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Film: Noah

Fr Peter Malone, from Signis (the World Catholic Association for Communication) comments on Darren Aronofsky's new film Noah, starring Russell Crowe in the title role, Anthony Hopkins as Methuselah, Ray Winstone, Emma Watson, Jennifer Connelly and Logan Lerman.

Noah has been produced as a big budget entertainment movie for world release. It is not a documentary, and it is not a visual aid to study of the book of Genesis. It is the brain-child of writer-director, Darren Aronofsky. Commentators note that his dramas are preoccupied with a range of obsessives, Pi, Requiem for a Dream, The Wrestler, The Black Swan. Noah joins their obsessive company.

The film is divided into two parts: the establishment of the character of Noah and his family, his sense of mission, the building of the Ark. This part plays very much like an epic movie, or one of those Marvel Comics movies. The second part has the family on the Ark, focuses on the character of Noah, especially his interior life, his doubts, his
questioning of his mission. The way the film is written and performed may remind audiences of Greek tragedy, or of Noah being something like a King Lear. The popular audience will appreciate the first part of the film but might find the second part hard going. A more thoughtful audience will probably appreciate the second part, possibly wanting to forget the first part.

Religious audiences will immediately realise that God is not mentioned at all in the film. Rather, the makers have opted to use the term, The Creator. In fact, this alternative to God, works particularly well, reminiscent of the creation accounts and emphasising The Creator’s intentions in making the world and all living things, including humankind. This leads to what could be called a subtext about creation, the environment, and ecological message. But, throughout the film, it is alluded to so often, and then made explicit, that it becomes something of an instruction about care for the world.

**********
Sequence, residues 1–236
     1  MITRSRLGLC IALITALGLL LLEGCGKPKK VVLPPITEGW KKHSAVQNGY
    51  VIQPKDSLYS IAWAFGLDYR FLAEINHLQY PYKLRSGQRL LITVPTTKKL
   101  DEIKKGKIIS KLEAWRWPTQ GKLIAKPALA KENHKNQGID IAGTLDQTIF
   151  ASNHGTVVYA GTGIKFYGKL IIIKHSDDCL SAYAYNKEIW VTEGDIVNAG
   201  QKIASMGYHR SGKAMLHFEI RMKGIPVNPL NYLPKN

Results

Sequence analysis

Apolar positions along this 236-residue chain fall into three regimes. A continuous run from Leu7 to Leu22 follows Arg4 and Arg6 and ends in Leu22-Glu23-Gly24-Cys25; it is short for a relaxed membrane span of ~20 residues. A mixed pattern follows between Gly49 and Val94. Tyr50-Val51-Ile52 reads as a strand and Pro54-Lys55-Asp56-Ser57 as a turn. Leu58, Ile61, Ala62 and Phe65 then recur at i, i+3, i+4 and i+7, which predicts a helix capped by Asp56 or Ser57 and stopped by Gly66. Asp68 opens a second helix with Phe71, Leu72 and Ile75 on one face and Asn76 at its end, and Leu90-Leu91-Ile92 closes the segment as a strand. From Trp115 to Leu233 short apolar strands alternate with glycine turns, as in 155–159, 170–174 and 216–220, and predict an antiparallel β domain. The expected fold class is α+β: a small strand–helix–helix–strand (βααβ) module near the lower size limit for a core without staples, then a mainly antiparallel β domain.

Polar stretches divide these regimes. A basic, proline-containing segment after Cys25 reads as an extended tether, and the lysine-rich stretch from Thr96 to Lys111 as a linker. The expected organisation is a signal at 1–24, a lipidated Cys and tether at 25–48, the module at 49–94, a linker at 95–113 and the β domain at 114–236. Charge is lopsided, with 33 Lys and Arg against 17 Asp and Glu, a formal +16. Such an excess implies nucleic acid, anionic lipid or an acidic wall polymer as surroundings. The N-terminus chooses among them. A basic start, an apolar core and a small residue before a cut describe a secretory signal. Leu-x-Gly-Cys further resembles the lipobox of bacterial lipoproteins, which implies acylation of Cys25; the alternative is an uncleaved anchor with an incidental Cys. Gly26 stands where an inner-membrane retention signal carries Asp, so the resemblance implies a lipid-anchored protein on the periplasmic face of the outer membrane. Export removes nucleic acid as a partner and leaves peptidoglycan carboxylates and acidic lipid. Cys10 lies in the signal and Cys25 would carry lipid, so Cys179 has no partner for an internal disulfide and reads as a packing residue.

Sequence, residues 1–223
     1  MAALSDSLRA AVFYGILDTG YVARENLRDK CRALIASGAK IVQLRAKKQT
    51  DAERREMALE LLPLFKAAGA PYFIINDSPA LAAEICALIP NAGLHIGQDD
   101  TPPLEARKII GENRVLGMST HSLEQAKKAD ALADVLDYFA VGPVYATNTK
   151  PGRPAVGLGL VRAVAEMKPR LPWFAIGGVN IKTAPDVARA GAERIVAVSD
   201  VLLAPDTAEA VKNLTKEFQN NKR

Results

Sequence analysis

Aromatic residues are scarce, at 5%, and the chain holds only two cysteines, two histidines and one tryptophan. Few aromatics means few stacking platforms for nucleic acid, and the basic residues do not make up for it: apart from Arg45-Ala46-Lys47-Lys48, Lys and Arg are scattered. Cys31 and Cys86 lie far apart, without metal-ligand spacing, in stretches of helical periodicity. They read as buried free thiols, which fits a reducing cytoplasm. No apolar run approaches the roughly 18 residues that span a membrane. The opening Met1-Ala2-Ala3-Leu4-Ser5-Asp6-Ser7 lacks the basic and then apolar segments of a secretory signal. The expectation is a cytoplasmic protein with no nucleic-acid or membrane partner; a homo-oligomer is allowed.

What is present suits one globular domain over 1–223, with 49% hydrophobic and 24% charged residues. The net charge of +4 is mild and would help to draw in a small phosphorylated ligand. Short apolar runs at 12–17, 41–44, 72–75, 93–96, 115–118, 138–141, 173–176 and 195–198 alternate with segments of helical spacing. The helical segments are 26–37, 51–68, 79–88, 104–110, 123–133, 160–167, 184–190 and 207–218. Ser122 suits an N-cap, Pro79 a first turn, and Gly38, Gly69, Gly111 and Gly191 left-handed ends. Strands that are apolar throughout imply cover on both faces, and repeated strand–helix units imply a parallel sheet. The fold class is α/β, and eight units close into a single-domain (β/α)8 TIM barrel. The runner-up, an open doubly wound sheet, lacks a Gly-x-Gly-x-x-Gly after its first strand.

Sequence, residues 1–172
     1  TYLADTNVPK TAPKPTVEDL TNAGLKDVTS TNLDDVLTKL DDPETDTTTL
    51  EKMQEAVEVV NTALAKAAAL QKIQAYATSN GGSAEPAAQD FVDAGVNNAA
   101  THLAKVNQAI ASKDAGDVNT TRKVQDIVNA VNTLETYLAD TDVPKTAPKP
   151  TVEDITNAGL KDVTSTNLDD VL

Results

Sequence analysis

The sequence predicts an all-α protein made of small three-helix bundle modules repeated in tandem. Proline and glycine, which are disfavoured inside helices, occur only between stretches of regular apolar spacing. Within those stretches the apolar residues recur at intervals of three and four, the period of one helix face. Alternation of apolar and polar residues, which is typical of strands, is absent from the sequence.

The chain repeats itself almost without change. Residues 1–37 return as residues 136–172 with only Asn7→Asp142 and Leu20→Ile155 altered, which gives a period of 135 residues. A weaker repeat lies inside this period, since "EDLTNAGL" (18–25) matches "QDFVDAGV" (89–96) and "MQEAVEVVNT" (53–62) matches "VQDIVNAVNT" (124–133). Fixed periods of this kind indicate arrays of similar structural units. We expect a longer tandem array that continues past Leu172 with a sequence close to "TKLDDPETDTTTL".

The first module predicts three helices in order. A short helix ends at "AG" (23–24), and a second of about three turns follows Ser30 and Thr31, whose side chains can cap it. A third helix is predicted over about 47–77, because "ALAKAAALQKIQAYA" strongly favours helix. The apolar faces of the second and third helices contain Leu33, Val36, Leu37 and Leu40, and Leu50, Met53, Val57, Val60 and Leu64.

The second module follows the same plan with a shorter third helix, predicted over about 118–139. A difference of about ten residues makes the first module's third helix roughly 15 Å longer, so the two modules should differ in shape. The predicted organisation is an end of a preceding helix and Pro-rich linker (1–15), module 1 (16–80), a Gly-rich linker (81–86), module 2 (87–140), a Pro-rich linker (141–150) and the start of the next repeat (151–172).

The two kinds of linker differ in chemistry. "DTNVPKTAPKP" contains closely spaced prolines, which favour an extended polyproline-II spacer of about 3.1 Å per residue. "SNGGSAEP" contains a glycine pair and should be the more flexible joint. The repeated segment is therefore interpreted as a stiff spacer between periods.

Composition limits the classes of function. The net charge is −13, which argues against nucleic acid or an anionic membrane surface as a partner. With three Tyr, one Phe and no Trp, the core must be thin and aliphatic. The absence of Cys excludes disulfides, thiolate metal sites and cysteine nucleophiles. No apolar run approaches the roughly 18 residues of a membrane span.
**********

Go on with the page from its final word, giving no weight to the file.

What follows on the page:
On the other hand, The Creator, according to Noah’s experiences, is The Destroyer. There is an interesting section of the film when Noah and family begin their Ark journey. Noah recites the key Genesis 1 text of the days of creation and there are visuals to illustrate each of them, a sequence that is very effective.

Noah has an enemy, Tubal-Cain, who has killed his father and defies Noah, offering another variation on the Genesis theme, when Tubal-Cain stows away on the Ark. He is given a speech, using the old translations of Genesis 1, about the role of humans to subdue creation. He upholds old values of domination rather than respect for creation and the environment.

A particular difficulty is the variation on the Genesis text about the three sons of Noah taking their wives on board. This time only Shem has a wife, the rescued orphan girl. Noah has become so obsessed by this time that he threatens to kill the child if she is a girl and predicts that, if it is a boy, he will be the last of the humans to die. Ham has gone amongst the people to seek a wife to take on to the Ark, but is thwarted by his father, later resenting him (and giving support to the stowaway, Tubal-Cain). This means that the film raises the question of how the human race is to continue, the same question that is implicit in the story of Cain, Seth and their descendants and how children came to be.

This gives people the opportunity to discuss the Noah and Deluge story, what it meant in the times that the saga was created and handed on by word of mouth and finally written down, to discuss the religious and theological meaning of the Flood story as part of the basic relationship between God and humans.